As the matric trial exams get under way today, one Port Elizabeth schoolgirl is at the centre of a storm over how she chooses to wear her hair.
With neither Lawson Brown High nor 18-year-oldUnathi Gongxeka backing down, the Grade 12 pupil’s crucial trial exams could be in jeopardy.
Simply put, she and the school are in a stand-off –if Unathi doesn’t “tidy up” her hair, it says it will not permit her to write her exams.
For Unathi it is a matter of principle. She says black girls like her are being discriminated against since the white and coloured kids are allowed o wear their hair down, but the black girls not.
The rules are inconsistent, she argues and she may well have a point.
Lawson Brown’s code of conduct does seem vague, perhaps even subjective, on the matter.
They simply state that pupils’ hairstyles have to be neat.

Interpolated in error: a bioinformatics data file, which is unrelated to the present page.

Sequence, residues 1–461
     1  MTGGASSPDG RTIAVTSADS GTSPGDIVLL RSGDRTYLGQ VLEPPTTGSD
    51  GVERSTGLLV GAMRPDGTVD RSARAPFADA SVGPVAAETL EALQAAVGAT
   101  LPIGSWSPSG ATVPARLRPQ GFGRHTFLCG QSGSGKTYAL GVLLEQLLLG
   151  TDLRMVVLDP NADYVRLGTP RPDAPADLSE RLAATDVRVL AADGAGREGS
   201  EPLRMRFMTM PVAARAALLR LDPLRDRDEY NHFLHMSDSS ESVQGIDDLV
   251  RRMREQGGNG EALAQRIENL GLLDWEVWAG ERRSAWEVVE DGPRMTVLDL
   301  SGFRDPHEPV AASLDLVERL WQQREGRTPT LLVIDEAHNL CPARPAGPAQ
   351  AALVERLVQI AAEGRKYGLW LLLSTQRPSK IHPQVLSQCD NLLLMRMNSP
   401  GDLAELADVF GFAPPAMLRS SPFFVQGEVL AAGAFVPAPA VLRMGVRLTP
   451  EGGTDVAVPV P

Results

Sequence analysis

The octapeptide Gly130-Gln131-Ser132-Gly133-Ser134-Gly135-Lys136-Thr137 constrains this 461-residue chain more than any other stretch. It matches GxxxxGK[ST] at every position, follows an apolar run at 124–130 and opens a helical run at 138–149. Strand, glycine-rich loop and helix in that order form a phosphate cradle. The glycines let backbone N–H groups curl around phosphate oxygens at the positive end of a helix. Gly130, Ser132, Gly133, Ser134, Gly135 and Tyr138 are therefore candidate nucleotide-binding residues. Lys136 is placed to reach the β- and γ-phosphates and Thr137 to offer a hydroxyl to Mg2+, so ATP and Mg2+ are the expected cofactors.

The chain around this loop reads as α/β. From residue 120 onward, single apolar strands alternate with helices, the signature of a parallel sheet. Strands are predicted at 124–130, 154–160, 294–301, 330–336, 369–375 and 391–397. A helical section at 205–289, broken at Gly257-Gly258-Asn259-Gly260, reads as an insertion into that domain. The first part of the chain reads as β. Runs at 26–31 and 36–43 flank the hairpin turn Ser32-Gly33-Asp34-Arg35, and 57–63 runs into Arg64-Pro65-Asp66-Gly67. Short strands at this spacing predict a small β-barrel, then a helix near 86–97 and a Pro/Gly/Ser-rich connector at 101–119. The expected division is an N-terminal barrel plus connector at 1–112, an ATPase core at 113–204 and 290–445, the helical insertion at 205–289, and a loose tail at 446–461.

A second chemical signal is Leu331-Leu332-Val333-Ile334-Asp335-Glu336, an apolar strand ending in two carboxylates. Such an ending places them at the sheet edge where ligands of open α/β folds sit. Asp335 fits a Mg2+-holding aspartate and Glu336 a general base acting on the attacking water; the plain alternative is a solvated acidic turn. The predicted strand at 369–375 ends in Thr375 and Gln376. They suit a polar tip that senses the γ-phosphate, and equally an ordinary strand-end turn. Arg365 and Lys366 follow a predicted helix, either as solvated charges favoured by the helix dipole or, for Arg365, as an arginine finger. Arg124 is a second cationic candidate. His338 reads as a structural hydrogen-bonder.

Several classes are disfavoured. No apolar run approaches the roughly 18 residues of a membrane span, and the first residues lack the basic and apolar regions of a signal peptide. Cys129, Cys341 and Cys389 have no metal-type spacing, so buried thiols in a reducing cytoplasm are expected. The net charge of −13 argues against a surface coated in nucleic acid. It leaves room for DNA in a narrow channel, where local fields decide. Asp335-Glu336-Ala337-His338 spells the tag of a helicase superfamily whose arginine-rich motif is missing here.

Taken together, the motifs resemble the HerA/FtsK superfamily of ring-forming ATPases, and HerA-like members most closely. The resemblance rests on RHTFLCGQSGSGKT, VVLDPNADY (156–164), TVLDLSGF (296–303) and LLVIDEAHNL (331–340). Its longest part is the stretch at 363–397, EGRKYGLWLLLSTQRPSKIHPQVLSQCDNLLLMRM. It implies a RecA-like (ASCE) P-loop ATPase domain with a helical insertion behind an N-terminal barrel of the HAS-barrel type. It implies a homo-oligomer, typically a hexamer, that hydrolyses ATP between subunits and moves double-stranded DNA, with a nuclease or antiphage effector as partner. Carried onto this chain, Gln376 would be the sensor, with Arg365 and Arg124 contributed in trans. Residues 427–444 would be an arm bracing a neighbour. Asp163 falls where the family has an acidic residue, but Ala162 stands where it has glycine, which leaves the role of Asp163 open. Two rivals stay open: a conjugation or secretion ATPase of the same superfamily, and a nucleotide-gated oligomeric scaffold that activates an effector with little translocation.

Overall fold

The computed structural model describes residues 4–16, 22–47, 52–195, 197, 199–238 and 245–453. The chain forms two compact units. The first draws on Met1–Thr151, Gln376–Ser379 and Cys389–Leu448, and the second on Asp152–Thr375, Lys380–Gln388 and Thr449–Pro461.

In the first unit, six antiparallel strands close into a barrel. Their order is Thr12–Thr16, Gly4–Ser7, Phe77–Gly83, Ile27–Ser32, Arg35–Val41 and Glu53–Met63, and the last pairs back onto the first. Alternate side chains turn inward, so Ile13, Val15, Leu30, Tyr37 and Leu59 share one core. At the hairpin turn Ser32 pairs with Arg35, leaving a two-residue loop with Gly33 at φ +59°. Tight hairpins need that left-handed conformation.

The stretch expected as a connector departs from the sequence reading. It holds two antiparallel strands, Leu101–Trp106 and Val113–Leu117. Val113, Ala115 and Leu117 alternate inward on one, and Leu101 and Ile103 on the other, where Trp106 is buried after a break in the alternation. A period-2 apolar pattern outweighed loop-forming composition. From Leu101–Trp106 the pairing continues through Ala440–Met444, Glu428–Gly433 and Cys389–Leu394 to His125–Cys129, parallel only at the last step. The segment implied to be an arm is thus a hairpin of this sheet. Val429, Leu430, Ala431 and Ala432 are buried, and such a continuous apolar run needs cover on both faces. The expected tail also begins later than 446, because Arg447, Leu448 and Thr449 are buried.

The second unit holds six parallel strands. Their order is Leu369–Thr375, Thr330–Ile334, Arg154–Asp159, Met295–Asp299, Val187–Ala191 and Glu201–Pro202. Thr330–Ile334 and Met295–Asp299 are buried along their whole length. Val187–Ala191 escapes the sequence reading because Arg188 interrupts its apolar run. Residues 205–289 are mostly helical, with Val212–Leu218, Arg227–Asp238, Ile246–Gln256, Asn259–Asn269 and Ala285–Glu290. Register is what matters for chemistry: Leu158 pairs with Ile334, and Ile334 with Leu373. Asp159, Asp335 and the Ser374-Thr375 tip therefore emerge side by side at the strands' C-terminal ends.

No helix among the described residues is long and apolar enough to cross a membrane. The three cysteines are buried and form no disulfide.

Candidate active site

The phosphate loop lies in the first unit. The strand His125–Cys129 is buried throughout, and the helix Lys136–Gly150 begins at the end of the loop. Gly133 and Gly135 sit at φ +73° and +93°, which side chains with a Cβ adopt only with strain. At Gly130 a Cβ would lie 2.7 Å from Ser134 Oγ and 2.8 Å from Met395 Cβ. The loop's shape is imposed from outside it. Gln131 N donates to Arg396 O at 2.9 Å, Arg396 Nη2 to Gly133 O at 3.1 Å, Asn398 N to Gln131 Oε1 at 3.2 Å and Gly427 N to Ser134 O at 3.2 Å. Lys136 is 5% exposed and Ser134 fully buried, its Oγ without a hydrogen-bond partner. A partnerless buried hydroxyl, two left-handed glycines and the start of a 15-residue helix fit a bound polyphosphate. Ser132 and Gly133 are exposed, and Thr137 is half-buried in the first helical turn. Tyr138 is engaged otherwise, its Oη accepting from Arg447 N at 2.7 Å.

Unathi’s would appear to meet this definition.
After all these years, why is it that the seemingly trivial issue of hair – and what sort of looks and styles are acceptable or not – is still such a minefield in many of our former Model C schools?
Every major newspaper in the country has carried stories of pupils who believe they have been discriminated against because of the way they look.
Often these stories centre on pupils’ rights, or lack of, to display aspects of their culture or religion through their hair or dress.
Even something as innocuous as a bindion the forehead has been known to explode into the ugliest of disagreements.
These issues are not only still making headlines 22years after apartheid, but are landing some parents, pupils and schools in court.
It is not a stretch to say that many of our schools’ rules are archaic and as such could be in violation of the constitution.
At the same time schools do have codes of conduct in place for a reason.
Parents and pupils who feel strongly that aspects of a school’s code are unfair shouldn’t just remain quiet, perhaps for fear of victimisation, but lobby for the rules to be changed.
And, since the interpretation of hair, dress and religious policies is still so contentious, is it not time for a provincial, if not nationwide, review of schools’ policies on the matter.